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Digestive/GI

  • Feeding Fallacies

    By Kentucky Equine Research Staff · November 8, 2001

    Feeding horses properly is not difficult. Reliance upon an educated horseman, a veterinarian, or an equine nutritionist is paramount if a feeding management question arises. This is particularly true when confronted with an old wives' tale.

  • Equine Nutritionist Q&A: Feeding Rations for Horses

    By KER Staff · October 27, 2001

    <p> How much feed should be fed to a horse in a single meal?</p>

  • Don’t Pass on Processed Feeds

    By Associated Feed · January 17, 2001

    Understanding the methods used to process feeds and knowing why they are used will make the idea of feeding processed feedstuffs more savory.

  • Equine Nutritionist Q&A: Slowing Down the Fast Eating Horse

    By KER Staff · October 27, 2000

    <p> How do you slow down a horse who bolts his feed?</p>

  • Stabilized Rice Bran–Just the Facts, Please

    By Kentucky Equine Research Staff · December 24, 1999

    Rice bran is a highly digestible by-product of the rice milling industry. It should be heat and pressure stabilized prior to feeding to prevent rancidity and digestive upset. The primary feature of stabilized rice bran is its high (20%) fat content.

  • Preparing the Halter Horse

    By Kentucky Equine Research Staff · November 17, 1999

    There are many additional "tricks of the trade" that can be applied to help the halter horse reach his optimum potential, but the successful basics remain the same. It is essential for halter horses to be on a properly balanced diet. Exercise must be carefully designed for each individual animal to avoid potential injury and build the valuable muscle tone that can make a difference between winning and being just another horse in the class.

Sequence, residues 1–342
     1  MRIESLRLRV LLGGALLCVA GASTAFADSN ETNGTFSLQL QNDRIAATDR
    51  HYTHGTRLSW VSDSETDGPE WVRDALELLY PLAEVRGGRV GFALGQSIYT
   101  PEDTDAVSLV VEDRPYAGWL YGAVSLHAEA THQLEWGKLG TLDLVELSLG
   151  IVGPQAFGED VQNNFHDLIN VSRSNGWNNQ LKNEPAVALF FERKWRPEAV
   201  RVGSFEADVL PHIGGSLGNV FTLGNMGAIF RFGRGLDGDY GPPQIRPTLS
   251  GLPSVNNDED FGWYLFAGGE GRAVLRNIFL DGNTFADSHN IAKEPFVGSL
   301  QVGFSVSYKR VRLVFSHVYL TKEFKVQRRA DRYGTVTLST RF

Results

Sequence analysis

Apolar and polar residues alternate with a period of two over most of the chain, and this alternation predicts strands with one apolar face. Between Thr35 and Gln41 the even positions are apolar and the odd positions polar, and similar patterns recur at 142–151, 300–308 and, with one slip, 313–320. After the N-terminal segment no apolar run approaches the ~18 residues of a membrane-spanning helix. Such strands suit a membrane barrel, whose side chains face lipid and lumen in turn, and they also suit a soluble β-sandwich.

• Gastric Ulcers in Horses: A Widespread but Manageable Disease

    By Kentucky Equine Research Staff · November 17, 1999

    Every equine practitioner appreciates the delicate nature of the equine gut. Problems related to the small intestine and large intestine are well understood and routinely treated. What may be surprising to many is how often the stomach is affected. Specifically, the incidence of gastric ulcers is extremely high, particularly in performance horses.

  • What Are Those Pellets in the Sweet Feed?

    By Kentucky Equine Research Staff · November 8, 1999

    This diet food scenario has proven very effective when feeding broodmares in late pregnancy. Most mares will sail through pregnancy in good body condition and can be fed the recommended amounts of sweet feed to provide essential protein, vitamins and minerals.

  • Equine Dentistry: Benefits of Proper Care

    By Kentucky Equine Research Staff · October 26, 1998

    Signs of equine dental problems are as varied as are the horses that present them. From the obvious, handfuls of feed dropping from the mouth as the horse eats and grain passing directly through the animal, to the subtler head tilting and weight loss, the solutions involve knowledge, proper equipment, and fortitude.

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